University courses are often denoted by 3-digit course codes that start with the year they are designed to be taken in. At my school and in my program, it went like this:

  • 100s: First year – General Topics, high school course prerequisites
  • 200s: Second year – General topics, 100 level prerequisites
  • 300s: Third year – More narrow topic matter, 200 and 100 level prerequisites
  • 400s: General fourth year courses – Usually 300 level prerequisites
  • 500s: Specialized fourth year courses, grad students admitted
  • 600s: Graduate level standard courses
  • 700s: Graduate level highly specialized courses

So, a course called “Calculus 204” tells you that this course is intended to be taken in second year, and likely it had prerequisites that would be taken in first year.

A good friend of mine took a bachelor’s degree in psychology and when they got to their 4th year they had an option of taking nearly any course they wanted with course codes ranging from 100 to 599.  My friend who had struggled taking 300 level courses the year before elected to take entirely 200s and 100s as they believed they were more accessible and wouldn’t mess up their last year of school with a lot of things like primary research and heavy workloads.  When they graduated, they did so, having never taken a course with a code that started with 4 or above. They were happy and did fine after they graduated.

I was faced with a similar decision in my 4th year, but I chose to go the other way.  My first 4th year semester was filled with 400 and 500 level courses.  One 500 level course, Computational Fluid Dynamics (CFD), went well for me.  I found the topic fascinating and the set of problems that it solved were of great interest to me as I had spent several work terms doing research and development on fluid systems.  My CFD professor approached me near the end of term and invited me to apply for graduate school as his student. In preparation, I could take his 700 level course then next term, and I did.

700s are special

I was used to undergraduate courses which had 100s of students in them, one professor and sometimes a teaching assistant or even three.  The 700s I’ve taken are nothing like that.  The largest class size I’ve ever had in a 700 is 8 – 3 or 4 students was more typical.  A classroom experience for a graduate course is just 8 students in a tiny room with a professor for 3 hours a week. It is a very different class experience.

Most professors are required to teach courses for their faculty and often they don’t get to choose what course they teach, especially for newer professors which is why it sometimes seems like most first-year courses are taught by younger professors or professors that may not always have the best lecture styles.  Not so with a 700.  700s are generally created by a specific professor and they mirror their interests very closely.  As a result, a 700-level class becomes a weekly 3-hour session with a world expert who can show you the inside track on their passion.  My favourite courses of all time were 700s. Two of them with the same professor (the department teaching chair) and the other was the CFD course that I took from my future supervisor in my last term of undergrad.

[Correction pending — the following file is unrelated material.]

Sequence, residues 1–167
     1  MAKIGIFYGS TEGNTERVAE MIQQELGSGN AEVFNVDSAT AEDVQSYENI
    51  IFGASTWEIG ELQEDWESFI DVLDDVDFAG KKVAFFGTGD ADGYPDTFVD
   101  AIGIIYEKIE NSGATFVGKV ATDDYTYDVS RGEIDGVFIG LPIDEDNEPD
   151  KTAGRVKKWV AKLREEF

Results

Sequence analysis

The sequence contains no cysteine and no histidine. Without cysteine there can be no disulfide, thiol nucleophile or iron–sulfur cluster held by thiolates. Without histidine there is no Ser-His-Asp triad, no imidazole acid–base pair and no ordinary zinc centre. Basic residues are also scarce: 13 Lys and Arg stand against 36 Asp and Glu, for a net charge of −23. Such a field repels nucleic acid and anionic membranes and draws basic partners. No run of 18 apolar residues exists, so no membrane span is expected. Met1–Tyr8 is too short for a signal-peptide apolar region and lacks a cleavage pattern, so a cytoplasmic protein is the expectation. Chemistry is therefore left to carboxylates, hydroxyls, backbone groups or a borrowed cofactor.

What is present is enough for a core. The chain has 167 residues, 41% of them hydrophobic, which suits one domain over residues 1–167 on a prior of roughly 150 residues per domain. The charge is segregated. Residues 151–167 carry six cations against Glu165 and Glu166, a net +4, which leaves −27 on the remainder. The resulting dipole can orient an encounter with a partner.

Not for the faint of heart

To take a 700-level course in 4th year I had to adjust my course schedule.  I signed up for 2 courses that were known to be very low workload (a project course for an engineering team I had already done most of the work for in my past 3 years and a law course that was pass/fail and had only a single page essay and final exam as graded content).  In graduate school, students will typically take 1 or 2 600 or 700 level courses per term because they are a lot of work. My favourite courses probably took me 20-30 hours a week in projects and assignments.  I didn’t see this as a bad thing as it was work I was interested in.  Here’s some work examples of a few of the projects I did:

  • I wrote a program, from scratch, that predicted the two-dimensional fluid flow inside a square cavity.
  • I studied a patent for a supersonic flow managing device and did the necessary calculations to show that claims of the patent were only partially valid.
  • I studied noise generated by air blowing over a deep cavity and I could show sound waves being radiated out into the environment.

Beyond work level, prerequisites for these courses can be a little tricky.  These courses are typically very specialized and professors are notorious for underestimating how trivial a concept is to learn as background material.  I’ve seen multiple people drop out of 700 level courses because they were not familiar enough with the math required to operate in that subject area.

I’d do it again

If I’m ever independently wealthy or I have an employer that has an interest in me taking a specialized course, I would look at taking a graduate level course at a university.  It wouldn’t even need to be part of a degree, as sometimes schools will let you take a single course if the professor is onboard.  The quality of learning be gained from such an experience is difficult to find elsewhere, short of doing a research post-graduate degree under a good supervisor.

If you are considering taking a 700, I recommend you do it if it interests you and if you can make the time required for it.  When you sign up, be prepared for a wild ride and possibly one of the best learning experiences of your life.

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